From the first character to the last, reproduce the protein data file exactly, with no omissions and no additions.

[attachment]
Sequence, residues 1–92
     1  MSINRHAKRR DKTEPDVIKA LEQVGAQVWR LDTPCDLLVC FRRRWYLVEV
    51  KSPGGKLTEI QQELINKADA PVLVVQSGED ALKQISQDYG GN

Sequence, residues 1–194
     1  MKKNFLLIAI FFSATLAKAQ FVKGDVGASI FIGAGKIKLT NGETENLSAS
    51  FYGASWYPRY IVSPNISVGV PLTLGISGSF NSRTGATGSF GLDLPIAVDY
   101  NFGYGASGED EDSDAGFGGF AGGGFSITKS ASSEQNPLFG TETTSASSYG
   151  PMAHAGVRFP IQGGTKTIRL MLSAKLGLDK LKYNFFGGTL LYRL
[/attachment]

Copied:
Sequence, residues 1–92
     1  MSINRHAKRR DKTEPDVIKA LEQVGAQVWR LDTPCDLLVC FRRRWYLVEV
    51  KSPGGKLTEI QQELINKADA PVLVVQSGED ALKQISQDYG GN

Sequence, residues 1–194
     1  MKKNFLLIAI FFSATLAKAQ FVKGDVGASI FIGAGKIKLT NGETENLSAS
    51  FYGASWYPRY IVSPNISVGV PLTLGISGSF NSRTGATGSF GLDLPIAVDY
   101  NFGYGASGED EDSDAGFGGF AGGGFSITKS ASSEQNPLFG TETTSASSYG
   151  PMAHAGVRFP IQGGTKTIRL MLSAKLGLDK LKYNFFGGTL LYRL